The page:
A good question is never answered. It is not a bolt to be tightened into place but a seed to be planted and to bear more seed toward the hope of greening the landscape of the idea. John Ciardi
Ok, so I've got my head around that first idea. (don't split the tasks, let the threads 'naturally' split them).
So something like:
I had thought to use Doug Lea's package, specifically PooledExecutor. I'd do something like: So this would allow 'natural' splitting of the large task between a number of threads. But the problem is in the pool.execute(FOO).
All the PooledExecutor gives me is a bunch of 'dumb threads', that need to be told what to do (given a command object, FOO). Except my particular FOO object contains a number of non-lightweight components, and I'd want to re-use them. The things like: manager object, manipulator object, template merger, etc.
So what I really want is a 'smart' PooledExecutor or perhaps I should say PooledCommand ?
From Doug Lea's package, the FJTask and FJTaskRunner seem a closer fit. In particular, the concept of one task thread 'stealing' work from another threads' queue is great. But then doesn't this lead me back to packaging out the large task into discreet amounts, separate queues for separate threads... something I might try to avoid, if I could?
Am I stretching myself in the wrong directions? [ January 05, 2004: Message edited by: Mike Curwen ]
Joined: Jul 27, 2001
This pattern will be a little more complex to implement because, as you're noticed, you can't use local variables to hold objects for reuse in each thread. You can, however, use ThreadLocal variables to accomplish the same thing. If you use setThreadFactory() to assign your PooledExecutor a custom ThreadFactory, you can wrap the passed Runnable inside another Runnable that builds the desired objects and stores them in ThreadLocals. You can also rely on the ThreaLocal initialValue. However this doesn't look like a textbook case where a thread pool is necessary. Work doesn't need to be queued as it's found -- there's a constant stream of it. Only real advantage I see to a thread pool is that you don't have to worry about uncaught RuntimeExceptions here or there. Typically people use thread pools when they'd like to use an infinate number of threads but can't actually spare that many (i.e. thread per connection to a server). Here you're using a fixed number -- the maximum the pool will support. There shouldn't been any need to set keep alive time or a minimum pool size. Just launching a fixed number of threads would work equally well. [ January 05, 2004: Message edited by: David Weitzman ] [ January 05, 2004: Message edited by: David Weitzman ]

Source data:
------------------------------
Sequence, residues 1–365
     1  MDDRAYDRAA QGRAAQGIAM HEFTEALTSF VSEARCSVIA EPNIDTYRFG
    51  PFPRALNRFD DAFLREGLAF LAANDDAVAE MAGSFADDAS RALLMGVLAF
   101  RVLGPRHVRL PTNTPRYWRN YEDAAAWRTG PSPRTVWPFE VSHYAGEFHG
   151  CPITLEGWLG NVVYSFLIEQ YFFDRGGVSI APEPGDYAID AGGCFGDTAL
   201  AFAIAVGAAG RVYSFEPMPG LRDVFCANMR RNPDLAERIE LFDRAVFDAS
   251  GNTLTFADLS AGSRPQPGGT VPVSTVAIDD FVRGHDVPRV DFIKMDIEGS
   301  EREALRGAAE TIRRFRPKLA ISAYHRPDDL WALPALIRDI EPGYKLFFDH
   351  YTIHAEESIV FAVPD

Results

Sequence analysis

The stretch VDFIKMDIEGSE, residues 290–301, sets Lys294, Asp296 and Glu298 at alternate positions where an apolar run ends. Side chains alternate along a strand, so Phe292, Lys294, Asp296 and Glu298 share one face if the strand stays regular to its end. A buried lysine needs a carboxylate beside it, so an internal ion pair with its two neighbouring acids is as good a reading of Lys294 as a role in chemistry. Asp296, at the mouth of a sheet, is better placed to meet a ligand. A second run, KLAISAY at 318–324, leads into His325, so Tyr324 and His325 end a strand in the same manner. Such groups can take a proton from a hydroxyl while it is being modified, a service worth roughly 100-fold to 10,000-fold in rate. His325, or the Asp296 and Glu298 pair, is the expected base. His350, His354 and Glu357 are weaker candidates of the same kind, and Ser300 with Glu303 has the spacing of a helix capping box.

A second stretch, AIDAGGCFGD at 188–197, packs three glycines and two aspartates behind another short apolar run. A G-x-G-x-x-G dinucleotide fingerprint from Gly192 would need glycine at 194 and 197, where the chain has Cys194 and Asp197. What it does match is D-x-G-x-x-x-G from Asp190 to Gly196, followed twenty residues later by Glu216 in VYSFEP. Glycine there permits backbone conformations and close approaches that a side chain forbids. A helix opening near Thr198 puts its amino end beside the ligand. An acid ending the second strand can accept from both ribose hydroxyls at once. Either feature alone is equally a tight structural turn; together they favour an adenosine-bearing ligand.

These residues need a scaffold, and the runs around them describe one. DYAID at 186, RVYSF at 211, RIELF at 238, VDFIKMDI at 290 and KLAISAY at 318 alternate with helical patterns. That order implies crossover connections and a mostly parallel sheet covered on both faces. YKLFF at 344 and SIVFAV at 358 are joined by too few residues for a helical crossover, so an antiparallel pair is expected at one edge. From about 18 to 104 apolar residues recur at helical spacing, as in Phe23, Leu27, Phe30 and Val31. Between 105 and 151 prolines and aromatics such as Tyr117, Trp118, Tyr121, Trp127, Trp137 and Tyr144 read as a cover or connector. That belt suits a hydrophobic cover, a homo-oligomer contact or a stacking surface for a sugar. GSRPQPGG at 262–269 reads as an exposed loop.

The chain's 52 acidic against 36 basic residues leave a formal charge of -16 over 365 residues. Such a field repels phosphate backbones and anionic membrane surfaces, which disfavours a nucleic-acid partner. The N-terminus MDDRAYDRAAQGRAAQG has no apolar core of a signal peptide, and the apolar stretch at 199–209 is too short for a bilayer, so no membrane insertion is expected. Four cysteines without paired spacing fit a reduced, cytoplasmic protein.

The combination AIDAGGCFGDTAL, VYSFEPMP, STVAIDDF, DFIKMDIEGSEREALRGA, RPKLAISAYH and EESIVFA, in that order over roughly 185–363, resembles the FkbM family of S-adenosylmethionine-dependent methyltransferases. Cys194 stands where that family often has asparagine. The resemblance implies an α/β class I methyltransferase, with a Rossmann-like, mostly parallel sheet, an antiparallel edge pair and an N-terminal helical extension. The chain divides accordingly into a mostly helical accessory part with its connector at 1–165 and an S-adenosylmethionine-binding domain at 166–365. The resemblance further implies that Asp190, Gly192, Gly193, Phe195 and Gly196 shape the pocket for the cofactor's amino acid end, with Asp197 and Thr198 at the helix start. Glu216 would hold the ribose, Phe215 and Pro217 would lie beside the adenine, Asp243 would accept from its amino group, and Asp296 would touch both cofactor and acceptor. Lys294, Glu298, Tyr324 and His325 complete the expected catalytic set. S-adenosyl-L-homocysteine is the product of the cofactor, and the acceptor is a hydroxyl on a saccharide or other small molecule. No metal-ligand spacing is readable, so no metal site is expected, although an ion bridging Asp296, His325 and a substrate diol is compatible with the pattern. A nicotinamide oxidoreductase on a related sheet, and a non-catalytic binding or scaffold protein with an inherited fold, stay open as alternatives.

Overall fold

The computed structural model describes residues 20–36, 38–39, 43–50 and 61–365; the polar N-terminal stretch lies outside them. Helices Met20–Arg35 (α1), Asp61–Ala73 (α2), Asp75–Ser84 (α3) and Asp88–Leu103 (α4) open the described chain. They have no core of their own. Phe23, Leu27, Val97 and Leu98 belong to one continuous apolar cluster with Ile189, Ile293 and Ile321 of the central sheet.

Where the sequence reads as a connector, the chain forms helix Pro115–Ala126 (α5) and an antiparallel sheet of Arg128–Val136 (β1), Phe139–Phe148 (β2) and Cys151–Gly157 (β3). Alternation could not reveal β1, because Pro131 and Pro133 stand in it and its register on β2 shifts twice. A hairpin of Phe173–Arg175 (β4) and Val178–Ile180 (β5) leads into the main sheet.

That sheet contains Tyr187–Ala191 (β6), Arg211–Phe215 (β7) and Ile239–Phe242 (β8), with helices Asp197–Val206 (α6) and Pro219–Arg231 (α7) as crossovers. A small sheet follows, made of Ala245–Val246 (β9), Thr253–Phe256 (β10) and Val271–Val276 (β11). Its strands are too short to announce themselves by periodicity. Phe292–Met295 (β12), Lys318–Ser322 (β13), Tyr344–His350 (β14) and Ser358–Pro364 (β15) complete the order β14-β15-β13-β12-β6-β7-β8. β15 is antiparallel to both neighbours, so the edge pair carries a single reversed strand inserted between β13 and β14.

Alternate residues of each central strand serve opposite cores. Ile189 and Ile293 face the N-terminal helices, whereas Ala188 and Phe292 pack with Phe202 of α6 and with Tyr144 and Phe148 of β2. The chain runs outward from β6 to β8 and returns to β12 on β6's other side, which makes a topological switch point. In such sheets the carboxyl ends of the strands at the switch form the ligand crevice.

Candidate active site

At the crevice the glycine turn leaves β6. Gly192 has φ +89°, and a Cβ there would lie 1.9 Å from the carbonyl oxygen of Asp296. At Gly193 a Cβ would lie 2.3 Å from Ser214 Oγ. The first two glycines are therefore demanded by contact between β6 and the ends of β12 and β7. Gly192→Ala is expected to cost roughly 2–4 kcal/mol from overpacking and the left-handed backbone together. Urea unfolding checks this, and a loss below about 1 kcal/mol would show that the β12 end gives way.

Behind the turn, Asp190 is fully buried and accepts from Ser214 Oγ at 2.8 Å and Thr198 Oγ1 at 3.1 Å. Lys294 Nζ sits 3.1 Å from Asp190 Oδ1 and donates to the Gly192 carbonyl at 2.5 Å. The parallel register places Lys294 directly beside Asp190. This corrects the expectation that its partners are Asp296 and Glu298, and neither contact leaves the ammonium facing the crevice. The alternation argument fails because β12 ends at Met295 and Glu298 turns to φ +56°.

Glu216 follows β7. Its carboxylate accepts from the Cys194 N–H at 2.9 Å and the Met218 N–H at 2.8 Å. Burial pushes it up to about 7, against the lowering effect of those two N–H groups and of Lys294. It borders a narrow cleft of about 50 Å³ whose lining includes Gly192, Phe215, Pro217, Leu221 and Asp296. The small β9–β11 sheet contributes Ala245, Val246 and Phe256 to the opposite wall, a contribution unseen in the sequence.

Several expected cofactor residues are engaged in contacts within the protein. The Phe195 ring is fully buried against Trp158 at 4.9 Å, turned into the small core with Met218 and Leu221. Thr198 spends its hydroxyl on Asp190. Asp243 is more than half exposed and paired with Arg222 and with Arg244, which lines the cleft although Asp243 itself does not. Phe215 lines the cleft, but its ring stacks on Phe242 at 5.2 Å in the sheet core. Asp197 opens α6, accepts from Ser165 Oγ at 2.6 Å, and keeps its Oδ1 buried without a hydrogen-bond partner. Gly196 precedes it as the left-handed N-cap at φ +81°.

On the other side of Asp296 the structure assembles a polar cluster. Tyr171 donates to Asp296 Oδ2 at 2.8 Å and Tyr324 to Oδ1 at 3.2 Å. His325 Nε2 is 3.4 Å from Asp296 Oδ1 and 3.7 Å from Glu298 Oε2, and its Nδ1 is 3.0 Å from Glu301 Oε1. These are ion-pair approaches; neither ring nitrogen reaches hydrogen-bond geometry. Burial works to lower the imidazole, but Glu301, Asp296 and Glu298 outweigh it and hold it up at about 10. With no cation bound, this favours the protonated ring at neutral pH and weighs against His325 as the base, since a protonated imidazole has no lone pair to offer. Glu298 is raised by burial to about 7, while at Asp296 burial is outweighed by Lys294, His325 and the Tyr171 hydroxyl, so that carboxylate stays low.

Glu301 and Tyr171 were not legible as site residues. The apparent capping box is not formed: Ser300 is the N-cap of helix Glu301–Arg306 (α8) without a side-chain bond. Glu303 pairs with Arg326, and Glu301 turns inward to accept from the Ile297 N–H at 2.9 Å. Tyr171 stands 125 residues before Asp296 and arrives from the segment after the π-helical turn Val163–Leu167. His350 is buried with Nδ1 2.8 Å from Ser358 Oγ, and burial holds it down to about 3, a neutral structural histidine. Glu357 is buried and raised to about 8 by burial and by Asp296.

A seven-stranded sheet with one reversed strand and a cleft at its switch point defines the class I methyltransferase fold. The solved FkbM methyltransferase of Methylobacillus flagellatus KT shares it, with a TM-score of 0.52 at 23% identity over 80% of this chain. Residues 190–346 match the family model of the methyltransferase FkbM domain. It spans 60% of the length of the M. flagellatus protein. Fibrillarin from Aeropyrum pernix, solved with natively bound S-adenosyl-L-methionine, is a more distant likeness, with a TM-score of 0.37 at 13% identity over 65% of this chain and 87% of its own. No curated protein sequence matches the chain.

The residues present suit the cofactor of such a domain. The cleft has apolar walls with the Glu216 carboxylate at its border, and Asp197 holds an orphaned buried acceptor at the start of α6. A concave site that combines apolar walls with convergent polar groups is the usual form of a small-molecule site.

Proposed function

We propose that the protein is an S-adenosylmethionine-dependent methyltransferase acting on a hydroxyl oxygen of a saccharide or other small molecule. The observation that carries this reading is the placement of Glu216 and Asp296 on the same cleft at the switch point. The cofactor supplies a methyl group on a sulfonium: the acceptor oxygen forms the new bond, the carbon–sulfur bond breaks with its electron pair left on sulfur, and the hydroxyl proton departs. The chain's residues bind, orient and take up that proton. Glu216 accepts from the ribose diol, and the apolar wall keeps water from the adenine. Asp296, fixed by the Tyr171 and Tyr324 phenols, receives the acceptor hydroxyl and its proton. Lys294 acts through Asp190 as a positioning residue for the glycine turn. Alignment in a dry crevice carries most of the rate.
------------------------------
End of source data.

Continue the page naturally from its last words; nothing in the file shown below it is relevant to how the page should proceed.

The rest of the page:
Joined: Jan 29, 2003
Interesting. I was thinking of casting the control the other way. So the runnable object would say:
and the main program would say:
Does that make sense? This eliminates the thread pool idea, but does not support keeping idle threads around between batches of commands. When you empty the queue, the threads all go away.